Do your sinuses flare up at the slightest exposure to pollen, dust or mold spores? It is likely due to an allergic reaction where the human immune system overreacts to a foreign substance that is eaten, inhaled, injected or touched.
The immune reaction may cause symptoms such as coughing, sneezing, itchy eyes, runny nose and a scratchy throat. In severe cases, inhaling these allergens can cause asthma attacks, difficulty breathing or worse.
If this diagnosis is familiar to you, there is a good possibility that one or both of your parents share the same problem.
According to the Asthma and Allergy Foundation of America, allergies have a genetic component. In fact, if only one parent has allergies of any type, the likelihood of each child having an allergy is 1 in 3. If both parents have allergies, the likelihood of the children having the allergies increases to 7 in 10.
“If your allergies are severe,” said Ed Neuzil, ARNP, MSN, PhD and founder of Dr. Neuzil’s Irrigator nasal cleansing spray. “Then you’ll want to visit your medical practitioner and try to determine what allergens prompt your discomfort. Once you find out, it will be important to try to avoid exposure to those pollutants as much as possible.”
What is that old saying? “A family that sticks together, sniffles together?”
When fall allergies come to mind, ragweed pollen is often labeled the culprit. Many people certainly are suffering from itchy noses, sneezing and watery eyes this season, but ragweed may not be the only offender.
“Mold is of big concern this time of year. Mold spores are prevalent in the wet, dead leaves that many people rake up in their yards,” says Ed Neuzil, ARNP, PhD and owner of the Allergy Sinus and Asthma Family Health Center in Central Florida. “Mold is not only a nasal or respiratory contaminant but it can also cause skin rashes to people who are allergic to the spores.”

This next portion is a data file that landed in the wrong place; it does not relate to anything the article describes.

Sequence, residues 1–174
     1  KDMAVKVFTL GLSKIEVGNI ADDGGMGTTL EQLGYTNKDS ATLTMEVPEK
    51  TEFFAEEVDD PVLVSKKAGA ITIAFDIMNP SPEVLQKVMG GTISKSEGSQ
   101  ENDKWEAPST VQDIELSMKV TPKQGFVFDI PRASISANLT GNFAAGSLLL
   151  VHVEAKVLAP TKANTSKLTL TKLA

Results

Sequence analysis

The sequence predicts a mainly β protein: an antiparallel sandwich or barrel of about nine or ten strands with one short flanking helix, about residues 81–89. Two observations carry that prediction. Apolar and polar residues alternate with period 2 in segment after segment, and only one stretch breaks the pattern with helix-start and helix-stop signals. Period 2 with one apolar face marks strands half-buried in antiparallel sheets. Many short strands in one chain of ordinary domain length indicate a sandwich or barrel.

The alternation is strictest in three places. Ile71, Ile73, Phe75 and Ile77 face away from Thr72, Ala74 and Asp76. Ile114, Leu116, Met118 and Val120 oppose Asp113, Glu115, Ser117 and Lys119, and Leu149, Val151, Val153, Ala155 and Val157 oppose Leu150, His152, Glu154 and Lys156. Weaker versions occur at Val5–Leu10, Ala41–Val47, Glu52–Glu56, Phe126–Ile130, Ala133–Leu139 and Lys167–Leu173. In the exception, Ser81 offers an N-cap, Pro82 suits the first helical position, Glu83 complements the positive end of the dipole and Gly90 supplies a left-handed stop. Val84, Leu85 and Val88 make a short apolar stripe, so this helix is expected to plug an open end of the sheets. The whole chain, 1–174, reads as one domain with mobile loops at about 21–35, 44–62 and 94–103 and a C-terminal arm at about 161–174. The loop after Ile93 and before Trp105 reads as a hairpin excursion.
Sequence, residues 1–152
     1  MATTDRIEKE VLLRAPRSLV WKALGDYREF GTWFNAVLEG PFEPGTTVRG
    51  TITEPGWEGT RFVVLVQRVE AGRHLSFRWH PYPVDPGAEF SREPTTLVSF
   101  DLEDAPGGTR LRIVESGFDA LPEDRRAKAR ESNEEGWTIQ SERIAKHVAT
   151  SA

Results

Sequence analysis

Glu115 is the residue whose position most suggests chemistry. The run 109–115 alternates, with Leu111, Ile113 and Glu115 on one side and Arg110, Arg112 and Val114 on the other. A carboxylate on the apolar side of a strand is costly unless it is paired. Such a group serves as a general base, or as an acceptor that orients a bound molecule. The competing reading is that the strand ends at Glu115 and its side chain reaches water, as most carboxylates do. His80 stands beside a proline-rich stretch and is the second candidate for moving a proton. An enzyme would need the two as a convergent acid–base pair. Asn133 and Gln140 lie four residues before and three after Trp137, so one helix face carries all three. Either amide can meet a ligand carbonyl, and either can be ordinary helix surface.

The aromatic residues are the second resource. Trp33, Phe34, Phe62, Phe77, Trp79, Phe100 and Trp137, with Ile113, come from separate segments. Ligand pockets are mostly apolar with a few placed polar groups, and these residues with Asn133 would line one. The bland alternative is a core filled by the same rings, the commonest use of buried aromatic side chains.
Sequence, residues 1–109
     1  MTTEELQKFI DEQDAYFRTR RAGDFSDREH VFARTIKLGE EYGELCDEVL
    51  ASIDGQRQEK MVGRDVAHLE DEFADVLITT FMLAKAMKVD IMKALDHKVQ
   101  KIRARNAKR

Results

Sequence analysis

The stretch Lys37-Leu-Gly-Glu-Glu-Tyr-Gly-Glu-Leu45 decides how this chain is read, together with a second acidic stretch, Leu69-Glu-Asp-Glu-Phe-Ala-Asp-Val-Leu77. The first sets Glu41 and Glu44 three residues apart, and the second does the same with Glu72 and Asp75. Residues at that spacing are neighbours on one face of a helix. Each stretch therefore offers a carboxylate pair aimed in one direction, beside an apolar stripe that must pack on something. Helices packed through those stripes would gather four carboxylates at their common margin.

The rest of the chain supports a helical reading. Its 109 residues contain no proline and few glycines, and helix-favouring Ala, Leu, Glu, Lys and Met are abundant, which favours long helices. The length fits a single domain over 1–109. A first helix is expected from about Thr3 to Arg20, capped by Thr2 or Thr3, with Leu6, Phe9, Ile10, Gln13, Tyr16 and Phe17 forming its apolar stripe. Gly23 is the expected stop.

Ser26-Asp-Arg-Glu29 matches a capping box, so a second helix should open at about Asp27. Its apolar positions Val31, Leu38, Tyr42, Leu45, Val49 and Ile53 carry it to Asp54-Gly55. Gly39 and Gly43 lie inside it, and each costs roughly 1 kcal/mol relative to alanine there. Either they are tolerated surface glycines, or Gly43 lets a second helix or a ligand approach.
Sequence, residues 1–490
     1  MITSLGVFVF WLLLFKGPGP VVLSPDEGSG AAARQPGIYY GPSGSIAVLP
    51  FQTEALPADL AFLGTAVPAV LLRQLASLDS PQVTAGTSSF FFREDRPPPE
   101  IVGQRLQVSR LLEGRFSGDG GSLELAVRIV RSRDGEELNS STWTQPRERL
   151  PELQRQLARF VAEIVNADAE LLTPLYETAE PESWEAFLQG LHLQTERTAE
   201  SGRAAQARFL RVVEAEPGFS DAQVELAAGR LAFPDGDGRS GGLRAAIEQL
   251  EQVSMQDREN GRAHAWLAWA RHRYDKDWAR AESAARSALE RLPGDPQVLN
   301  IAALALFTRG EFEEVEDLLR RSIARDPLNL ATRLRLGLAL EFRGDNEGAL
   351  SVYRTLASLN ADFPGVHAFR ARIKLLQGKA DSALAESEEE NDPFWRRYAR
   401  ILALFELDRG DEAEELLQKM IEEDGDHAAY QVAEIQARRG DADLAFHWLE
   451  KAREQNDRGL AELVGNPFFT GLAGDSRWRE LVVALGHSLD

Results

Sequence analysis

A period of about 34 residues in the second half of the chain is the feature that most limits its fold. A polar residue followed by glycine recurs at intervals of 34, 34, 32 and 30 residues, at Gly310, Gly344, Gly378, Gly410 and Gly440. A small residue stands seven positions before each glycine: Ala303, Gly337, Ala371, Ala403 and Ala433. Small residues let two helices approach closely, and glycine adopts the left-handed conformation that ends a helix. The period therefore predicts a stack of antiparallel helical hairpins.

According to the Asthma and Allergy Foundation of America, it is common for people to have mold allergies if they or other family members are allergic to other contaminants such as pollen or animal dander.
Mold spores are spread in a variety of ways and they easily grow in a number of damp environments such as your yard or even inside in the kitchen, bathroom or basement.
The symptoms of mold allergies are similar to those that come with hay fever but when inhaled in the lungs, mold spores can lead to asthma or other serious respiratory illnesses.
The methods for avoiding allergic reactions to mold are the same as during hay fever season.
- Stay inside.
- Take precautions to remove dampness in your home such as removing carpeting in the bathroom or turning on the exhaust fan.
- Clean sinks and tubs regularly to remove buildup that encourage fungi growth.
- Use a dehumidifier to remove moisture in the basement or other potentially damp rooms.
“Rinsing the nose after working outside will help get rid of the contaminants that may lead to allergic reactions,” encourages Neuzil.
A medical practitioner can help you determine if you have a mold allergies and then will discuss options to prevent and treat symptoms.
Recently, while attending a religious service, I sat next to a young woman who was really congested. She was seriously sniffing every 20 seconds. I felt bad for her discomfort while hoping whatever she had didn’t get passed on to me.
After a little while, I offered her the travel pack of tissues that I always carry. She was grateful and took them. I was taken aback, though, when she didn’t use them. Huh?
I can certainly understand not want to disrupt those around you by blowing your nose but she seemed miserable.
It made me wonder how humans even came up with the notion of blowing ones nose and is it really good for you.
The truth is that ignoring nasal symptoms such as congestion, sneezing, runny nose or thick nasal discharge can lead to other problems:
- Nasal congestion reduces the sense of smell.
- When you can’t breathe through your nose, you resort to mouth breathing which can increase the risk of mouth and throat infections. Mouth breathing also pulls all the pollution and airborne germs directly into the lungs.
- Breathing cold dry air into the lungs will make secretions thick, slows the cleaning cilia as well as the passage of oxygen into the blood stream.
So, yes, blowing your nose is important but there is a right and wrong way to do it. If you blow too hard, you’ll cause pressure and some mucus to build up in the sinus cavities. That may lead to further infection.
According to experts, the proper method is to blow one nostril at a time, gently. You should also use a saline nasal rinse to remove excess mucous.
If the congestion lingers for a long time or develops into something more, that’s the time to visit your medical practitioner for a consult.